Studies and foci included in the meta-analyses from The multifaceted abstract brain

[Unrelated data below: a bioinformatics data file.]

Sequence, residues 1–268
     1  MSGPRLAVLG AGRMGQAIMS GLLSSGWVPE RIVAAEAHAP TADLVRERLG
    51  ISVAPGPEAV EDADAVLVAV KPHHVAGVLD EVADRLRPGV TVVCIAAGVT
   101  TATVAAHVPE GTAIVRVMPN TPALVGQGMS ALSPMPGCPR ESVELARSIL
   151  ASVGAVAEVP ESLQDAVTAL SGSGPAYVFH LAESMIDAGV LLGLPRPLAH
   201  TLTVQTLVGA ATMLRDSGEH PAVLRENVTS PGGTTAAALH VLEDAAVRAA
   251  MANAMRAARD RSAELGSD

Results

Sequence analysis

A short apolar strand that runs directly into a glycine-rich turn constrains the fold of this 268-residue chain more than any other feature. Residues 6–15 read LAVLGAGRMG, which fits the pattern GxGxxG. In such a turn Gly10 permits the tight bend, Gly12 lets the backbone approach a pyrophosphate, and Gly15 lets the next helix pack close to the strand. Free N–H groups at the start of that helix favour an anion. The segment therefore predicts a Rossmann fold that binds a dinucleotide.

Abstract concepts play a central role in human behaviour and constitute a critical component of the human conceptual system. Here, we investigate the neural basis of four types of abstract concepts, examining their similarities and differences through neuroimaging meta-analyses. We examine numerical and emotional concepts, and two higher-order abstract processes, morality judgements and theory of mind. Three main findings emerge. First, representation of abstract concepts is more widespread than is often assumed. Second, representations of different types of abstract concepts differ in important respects. Each of the domains examined here was associated with some unique areas. Third, some areas were commonly activated across domains and included inferior parietal, posterior cingulate and medial prefrontal cortex. We interpret these regions in terms of their role in episodic recall, event representation and social–emotional processing. We suggest that different types of abstract concepts can be represented and grounded through differing contributions from event-based, interoceptive, introspective and sensory-motor representations. The results underscore the richness and diversity of abstract concepts, argue against single-mechanism accounts for representation of all types of abstract concepts and suggest mechanisms for their direct and indirect grounding.This article is part of the theme issue ‘Varieties of abstract concepts: development, use and representation in the brain’.